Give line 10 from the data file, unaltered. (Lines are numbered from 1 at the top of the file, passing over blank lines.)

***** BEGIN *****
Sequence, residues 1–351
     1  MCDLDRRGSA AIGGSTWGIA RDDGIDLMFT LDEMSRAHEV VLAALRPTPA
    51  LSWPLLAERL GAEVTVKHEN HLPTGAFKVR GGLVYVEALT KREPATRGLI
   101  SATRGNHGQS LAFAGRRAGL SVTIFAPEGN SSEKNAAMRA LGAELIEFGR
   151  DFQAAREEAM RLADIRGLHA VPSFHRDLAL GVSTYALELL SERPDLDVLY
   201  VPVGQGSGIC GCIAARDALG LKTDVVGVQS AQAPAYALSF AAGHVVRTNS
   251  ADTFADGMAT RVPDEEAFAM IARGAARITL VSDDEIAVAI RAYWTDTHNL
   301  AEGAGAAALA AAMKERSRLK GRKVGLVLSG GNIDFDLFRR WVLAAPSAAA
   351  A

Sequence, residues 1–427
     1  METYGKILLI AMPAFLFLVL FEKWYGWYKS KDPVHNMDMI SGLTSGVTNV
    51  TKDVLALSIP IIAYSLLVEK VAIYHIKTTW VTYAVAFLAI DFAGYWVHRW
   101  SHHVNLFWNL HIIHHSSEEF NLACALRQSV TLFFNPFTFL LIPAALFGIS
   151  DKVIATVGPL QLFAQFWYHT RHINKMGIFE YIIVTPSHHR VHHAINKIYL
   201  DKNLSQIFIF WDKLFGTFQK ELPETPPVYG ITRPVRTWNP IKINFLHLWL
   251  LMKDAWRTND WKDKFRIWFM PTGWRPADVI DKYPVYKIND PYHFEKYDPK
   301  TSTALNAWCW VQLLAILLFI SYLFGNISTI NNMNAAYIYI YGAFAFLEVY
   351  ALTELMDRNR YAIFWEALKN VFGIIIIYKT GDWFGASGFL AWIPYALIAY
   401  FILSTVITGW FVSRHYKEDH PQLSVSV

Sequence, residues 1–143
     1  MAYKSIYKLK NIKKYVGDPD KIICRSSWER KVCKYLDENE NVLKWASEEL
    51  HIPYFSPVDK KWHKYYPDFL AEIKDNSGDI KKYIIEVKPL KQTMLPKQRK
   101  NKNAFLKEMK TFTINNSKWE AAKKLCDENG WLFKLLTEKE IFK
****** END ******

Sequence, residues 1–427